US markets more expensive
STOCKTAKE:We have often noted that the Shiller price/earnings ratio, which averages earnings over a 10-year period, indicates that most global indices are cheap, excepting the US.
A new report by AQR Capital Management indicates that US markets are more expensive than they have been 80 per cent of the time since 1926.
During prior periods of similar valuations, real returns have averaged just 0.9 per cent over the next decade, AQR cautioned, although returns vary widely.
Unsurprisingly, returns are highest when the Shiller P/E is lowest.
Critics argue earnings have been too low over the last decade to be meaningful, saying the 2008 collapse distorts the figures.
AQR found that earnings have been slightly above their long-term trend over the last 10 years, so another poor decade lies in store.
Bulls rise as fear drops
Where’s the fear? Despite US indices recently suffering their worst two-day slide of 2012 and hitting a four-month low, the Vix – the so-called fear index – sits at 18, below its long-term average (21) and nowhere near 2012’s June high of 27.
Ditto in Europe, where the VStoxx (22) is similarly below its long-term average of 26.
Bullish sentiment actually rose to its highest level since August, according to the latest American Association of Individual Investors (AAII) sentiment survey.
Technical indicators show stocks are approaching bottom-fishing levels, however.
Some 23 per cent of SP 500 stocks are trading above their 50-day moving average – a big drop from last month’s 73 per cent reading, and nearing the sub-20 per cent level where many like to nibble (single-digit readings can occur after big selloffs).
Report says fiscal cliff biggest risk to markets
Merrill Lynch’s latest monthly survey of global fund managers has lived up to its contrarian reputation.
Released last week but conducted before recent falls, a net 35 per cent of managers were overweight stocks – a 16-month high – with growing talk of a “great rotation” out of bonds and into equities.
Hedge fund net exposure to stocks has hit a five-year high of 40 per cent, said the survey. Stocks badly underperform over the following month whenever this reading exceeds 35 per cent.
Japan, although cheap, remains unfancied, a net 34 per cent underweight Japanese equities.
The rush into Europe may be ending, however – a net 10 per cent are now overweight Europe, the same figure as for the US.
The previous month, a net 13 per cent were underweight Europe.
The fiscal cliff is easily the biggest tail risk to markets, say managers, and 72 per cent say it is not substantially priced into global equities. (One might question this, if everyone is worrying about it.)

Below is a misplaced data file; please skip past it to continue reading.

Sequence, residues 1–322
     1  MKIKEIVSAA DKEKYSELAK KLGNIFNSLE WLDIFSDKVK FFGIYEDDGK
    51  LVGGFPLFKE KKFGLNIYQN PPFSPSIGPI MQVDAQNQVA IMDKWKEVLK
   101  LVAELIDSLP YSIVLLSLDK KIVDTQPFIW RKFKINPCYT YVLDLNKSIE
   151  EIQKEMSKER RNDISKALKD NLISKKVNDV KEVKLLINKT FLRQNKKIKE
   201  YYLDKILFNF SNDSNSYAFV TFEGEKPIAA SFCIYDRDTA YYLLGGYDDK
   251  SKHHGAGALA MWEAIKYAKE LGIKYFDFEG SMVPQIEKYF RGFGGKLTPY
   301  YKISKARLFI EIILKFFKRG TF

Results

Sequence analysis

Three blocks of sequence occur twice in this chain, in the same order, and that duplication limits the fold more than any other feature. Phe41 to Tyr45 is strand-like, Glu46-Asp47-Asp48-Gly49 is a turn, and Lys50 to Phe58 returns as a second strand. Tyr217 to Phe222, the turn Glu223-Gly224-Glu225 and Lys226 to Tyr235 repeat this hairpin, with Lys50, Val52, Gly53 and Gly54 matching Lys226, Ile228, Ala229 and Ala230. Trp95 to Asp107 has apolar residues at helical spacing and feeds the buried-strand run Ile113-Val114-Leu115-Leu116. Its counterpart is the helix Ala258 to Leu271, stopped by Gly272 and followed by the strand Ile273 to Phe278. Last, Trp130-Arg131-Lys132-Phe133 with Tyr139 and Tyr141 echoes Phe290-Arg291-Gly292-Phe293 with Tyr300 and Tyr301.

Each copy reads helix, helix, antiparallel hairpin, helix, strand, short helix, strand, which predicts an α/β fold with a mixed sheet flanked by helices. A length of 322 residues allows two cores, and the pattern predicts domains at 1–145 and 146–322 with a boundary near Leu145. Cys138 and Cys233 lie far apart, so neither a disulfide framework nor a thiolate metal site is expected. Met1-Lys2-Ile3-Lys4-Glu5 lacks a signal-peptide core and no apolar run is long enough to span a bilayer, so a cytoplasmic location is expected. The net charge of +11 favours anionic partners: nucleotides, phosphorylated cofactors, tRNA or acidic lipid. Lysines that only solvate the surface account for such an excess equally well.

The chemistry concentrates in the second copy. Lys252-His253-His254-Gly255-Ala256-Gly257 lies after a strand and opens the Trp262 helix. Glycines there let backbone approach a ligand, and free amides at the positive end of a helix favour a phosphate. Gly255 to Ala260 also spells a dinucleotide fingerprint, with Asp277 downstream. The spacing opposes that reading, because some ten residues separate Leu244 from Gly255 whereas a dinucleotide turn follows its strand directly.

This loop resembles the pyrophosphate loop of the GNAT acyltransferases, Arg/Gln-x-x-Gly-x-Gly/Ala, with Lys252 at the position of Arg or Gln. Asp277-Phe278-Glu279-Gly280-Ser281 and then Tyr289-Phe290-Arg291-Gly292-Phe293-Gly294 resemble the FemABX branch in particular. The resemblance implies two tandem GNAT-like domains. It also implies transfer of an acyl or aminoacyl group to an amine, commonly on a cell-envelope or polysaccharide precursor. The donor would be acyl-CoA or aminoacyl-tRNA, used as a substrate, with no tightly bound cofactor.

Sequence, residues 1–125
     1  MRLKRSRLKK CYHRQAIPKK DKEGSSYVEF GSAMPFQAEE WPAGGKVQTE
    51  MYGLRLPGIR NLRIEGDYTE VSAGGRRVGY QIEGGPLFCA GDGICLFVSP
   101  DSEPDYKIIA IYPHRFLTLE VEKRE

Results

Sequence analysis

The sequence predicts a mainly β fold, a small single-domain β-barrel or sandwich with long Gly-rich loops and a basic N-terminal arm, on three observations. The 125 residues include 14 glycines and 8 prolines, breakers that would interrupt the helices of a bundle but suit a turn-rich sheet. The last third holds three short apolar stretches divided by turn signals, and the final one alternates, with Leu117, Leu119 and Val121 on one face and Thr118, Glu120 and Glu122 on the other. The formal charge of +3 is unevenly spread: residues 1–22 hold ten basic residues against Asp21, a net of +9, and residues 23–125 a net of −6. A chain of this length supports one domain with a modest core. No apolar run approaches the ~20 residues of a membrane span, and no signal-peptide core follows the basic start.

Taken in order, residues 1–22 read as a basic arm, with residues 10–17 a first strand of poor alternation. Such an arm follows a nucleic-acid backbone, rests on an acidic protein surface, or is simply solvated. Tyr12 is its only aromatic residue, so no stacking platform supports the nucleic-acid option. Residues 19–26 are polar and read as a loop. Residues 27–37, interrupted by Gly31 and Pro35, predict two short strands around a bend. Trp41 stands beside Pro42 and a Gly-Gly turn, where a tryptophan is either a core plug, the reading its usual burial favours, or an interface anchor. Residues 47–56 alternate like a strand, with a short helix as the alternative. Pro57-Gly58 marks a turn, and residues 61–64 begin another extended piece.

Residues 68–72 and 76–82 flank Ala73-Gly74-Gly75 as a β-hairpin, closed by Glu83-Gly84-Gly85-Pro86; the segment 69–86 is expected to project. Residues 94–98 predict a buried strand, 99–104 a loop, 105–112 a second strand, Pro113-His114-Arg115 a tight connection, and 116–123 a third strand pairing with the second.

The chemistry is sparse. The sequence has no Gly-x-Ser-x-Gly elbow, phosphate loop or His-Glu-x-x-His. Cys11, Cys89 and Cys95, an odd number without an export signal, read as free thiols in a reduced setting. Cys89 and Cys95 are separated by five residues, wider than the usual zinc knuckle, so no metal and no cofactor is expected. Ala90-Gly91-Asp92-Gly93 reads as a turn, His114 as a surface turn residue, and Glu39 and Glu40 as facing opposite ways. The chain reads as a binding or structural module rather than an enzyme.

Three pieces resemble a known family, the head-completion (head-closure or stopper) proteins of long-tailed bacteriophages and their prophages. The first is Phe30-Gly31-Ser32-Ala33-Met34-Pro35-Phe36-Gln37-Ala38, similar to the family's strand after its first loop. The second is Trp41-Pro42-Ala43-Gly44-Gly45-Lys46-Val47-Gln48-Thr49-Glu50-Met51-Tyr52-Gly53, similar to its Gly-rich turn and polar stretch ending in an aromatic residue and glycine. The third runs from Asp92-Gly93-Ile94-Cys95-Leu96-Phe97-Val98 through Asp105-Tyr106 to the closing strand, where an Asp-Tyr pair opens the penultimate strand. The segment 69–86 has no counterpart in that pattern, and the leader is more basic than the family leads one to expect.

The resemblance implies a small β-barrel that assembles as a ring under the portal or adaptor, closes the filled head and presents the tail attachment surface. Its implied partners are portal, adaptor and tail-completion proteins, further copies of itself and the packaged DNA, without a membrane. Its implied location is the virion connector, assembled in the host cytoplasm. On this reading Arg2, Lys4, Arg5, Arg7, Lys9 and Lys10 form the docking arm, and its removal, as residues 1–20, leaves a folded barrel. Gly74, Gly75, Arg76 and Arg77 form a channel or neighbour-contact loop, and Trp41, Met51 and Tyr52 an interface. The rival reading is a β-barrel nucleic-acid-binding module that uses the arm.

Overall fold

Merrill strategist Hans Mikkelsen has warned that investors are under-appreciating higher oil price risks, however. Just 6 per cent rate oil a major concern, despite “significant” Middle East tensions.
Apple still a tasty fruit In numbers
Apple’s recent 24 per cent slide has brought its trailing price/earnings ratio down to 12.3 – its lowest since the iPod’s 2001 introduction.
The stock’s forward P/E is just 9.2, although bears note Apple’s P/E ratio has been on a downward trend for years, as is only right – it is the most valuable company in the world, not a young growth stock.
However, the spread between consensus analyst price targets and Apple’s actual share price now stands at -28 per cent.
Going back to 2005, says Bespoke Investment Group, Apple has bounced whenever the spread got to around -30 per cent (excluding the -50 per cent spread amid global panic in late 2008-early 2009).
The holiday season is an obvious near-term share price catalyst, with the new iPhone 5 and iPad mini likely to be flying off the shelves.
Bearish on Apple at $700, hedge fund manager Doug Kass is now a buyer, saying the recent decline has “overly discounted” most of his concerns.
“I never said it was a forbidden fruit,” he quipped.
The number of 800 million Facebook shares which became eligible for sale last week but short-sellers are losing interest. Facebook short sales have fallen by 40 per cent this month.
The percentage of US firms which mentioned the fiscal cliff in their most recent earnings reports, up from 9 per cent last quarter. Keyword searches show a sharp drop in European concerns.
US indices recently experienced their most boring day since 1989 – the S&P 500, Dow and Nasdaq all finished the day within 0.02 per cent of where they began it.